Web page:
After the war, he wrote a book about his experiences, and went on to serve as the Baltimore City Police Commissioner for 5 years.

Col. Gilmor is buried in the Confederate Hill section of Loudon Park. A very prominent headstone marks his gravesite:

Location of Confederate Hill

Location of Confederate Hill. Map by Apple Maps.

Harry Gilmor's Monument

Harry Gilmor’s Monument. Photo by the author.

Detail on the front of Harry Gilmor's Monument.

Detail on the front of Harry Gilmor’s Monument. Photo by the author.

Detail of the left side of Harry Gilmor's Monument.

Detail of the left side of Harry Gilmor’s Monument. Photo by the author.

Detail of the rear of Harry Gilmor's Monument.

Detail of the rear of Harry Gilmor’s Monument. Photo by the author.

Detail of the right Harry Gilmor's Monument, marking his wife's burial.

Detail of the right side of Harry Gilmor’s Monument, marking his wife’s burial. Photo by the author.

As you may guess (with a whole section named “Confederate Hill”) there are certainly a few more prominent leaders with Gettysburg connections buried at Loudon Park. In the next installment, we’ll show the grave of one of the infantry commanders from that battle.

The Conspirators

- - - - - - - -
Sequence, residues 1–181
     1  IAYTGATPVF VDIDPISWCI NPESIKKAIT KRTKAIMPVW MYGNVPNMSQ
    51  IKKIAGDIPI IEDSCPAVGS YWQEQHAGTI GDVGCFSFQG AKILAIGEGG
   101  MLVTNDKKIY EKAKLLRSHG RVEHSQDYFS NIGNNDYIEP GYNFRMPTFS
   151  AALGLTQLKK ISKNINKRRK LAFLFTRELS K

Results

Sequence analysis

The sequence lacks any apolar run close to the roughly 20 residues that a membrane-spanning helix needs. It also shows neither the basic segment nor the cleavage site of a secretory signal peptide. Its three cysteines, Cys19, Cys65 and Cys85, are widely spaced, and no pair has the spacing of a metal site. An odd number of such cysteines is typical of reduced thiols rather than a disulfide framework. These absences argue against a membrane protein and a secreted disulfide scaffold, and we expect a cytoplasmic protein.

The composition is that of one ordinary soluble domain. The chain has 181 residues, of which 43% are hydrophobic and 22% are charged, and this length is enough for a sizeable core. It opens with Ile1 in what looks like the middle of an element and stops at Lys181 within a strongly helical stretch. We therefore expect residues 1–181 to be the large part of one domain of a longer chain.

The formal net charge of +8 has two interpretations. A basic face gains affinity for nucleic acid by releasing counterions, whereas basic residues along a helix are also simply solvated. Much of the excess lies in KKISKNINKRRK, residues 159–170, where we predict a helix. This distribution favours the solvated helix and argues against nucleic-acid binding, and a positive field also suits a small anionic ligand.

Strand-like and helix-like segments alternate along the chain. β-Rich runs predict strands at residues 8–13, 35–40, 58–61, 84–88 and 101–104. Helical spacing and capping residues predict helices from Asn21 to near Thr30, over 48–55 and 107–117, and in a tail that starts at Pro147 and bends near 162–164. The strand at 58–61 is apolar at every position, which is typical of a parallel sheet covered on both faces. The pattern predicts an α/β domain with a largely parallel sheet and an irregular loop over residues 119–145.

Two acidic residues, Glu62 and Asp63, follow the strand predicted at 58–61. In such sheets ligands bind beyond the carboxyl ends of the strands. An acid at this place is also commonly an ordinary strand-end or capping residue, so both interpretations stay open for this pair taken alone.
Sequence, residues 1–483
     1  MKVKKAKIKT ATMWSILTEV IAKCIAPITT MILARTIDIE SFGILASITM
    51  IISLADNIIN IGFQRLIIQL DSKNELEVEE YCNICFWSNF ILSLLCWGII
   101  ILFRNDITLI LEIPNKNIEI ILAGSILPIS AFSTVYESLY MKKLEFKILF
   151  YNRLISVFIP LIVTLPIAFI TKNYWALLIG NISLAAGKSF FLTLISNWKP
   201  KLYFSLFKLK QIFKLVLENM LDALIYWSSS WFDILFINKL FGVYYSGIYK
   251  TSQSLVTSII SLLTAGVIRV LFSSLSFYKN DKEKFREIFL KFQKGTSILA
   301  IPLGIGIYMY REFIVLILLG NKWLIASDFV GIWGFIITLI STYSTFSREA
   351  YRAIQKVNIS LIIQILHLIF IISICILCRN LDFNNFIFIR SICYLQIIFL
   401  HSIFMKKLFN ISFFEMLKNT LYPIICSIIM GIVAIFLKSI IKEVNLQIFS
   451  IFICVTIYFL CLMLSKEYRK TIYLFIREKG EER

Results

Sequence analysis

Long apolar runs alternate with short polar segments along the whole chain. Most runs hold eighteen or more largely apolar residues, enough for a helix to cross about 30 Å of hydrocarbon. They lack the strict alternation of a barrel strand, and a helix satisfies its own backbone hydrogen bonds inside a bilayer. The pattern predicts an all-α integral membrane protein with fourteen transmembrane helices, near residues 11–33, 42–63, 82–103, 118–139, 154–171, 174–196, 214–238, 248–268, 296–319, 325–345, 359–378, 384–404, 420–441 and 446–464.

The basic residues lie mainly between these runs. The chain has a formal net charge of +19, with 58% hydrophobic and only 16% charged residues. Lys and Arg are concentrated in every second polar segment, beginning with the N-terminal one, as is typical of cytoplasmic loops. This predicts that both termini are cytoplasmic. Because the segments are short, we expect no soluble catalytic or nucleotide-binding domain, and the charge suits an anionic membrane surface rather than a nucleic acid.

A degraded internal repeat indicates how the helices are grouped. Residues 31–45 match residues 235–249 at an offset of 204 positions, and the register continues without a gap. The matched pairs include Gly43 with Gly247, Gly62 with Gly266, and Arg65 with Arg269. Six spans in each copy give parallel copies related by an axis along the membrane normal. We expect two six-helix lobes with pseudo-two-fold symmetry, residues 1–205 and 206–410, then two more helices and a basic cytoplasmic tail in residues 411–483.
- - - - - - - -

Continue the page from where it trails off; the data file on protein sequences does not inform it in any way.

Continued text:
Earlier today, I posted about the burials in Loudon Park Cemetery with connections to the Lincoln Assassination, but these are not the only graves in Baltimore that have a connection to that tragic event in our nation’s history.

There were ten people involved in the conspiracy to kill Lincoln and other government officials in April of 1865. Fully half of these (bolded) are buried in Baltimore cemeteries:

  • John Wilkes Booth (Greenmount)
  • Lewis Powell
  • David E. Herold
  • Michael O’Laughlen (Greenmount)
  • Mary E. Surratt
  • John Surratt (New Cathedral)
  • Edman Spangler
  • Samuel Arnold (Greenmount)
  • George A. Atzerodt (Old Saint Paul’s)
  • Dr. Samuel A. Mudd

Eventually, I’m going to get around to covering each of these on the blog – maybe around the anniversary of the trial – I just wanted to make a note about those local Baltimore connections while the topic is fresh.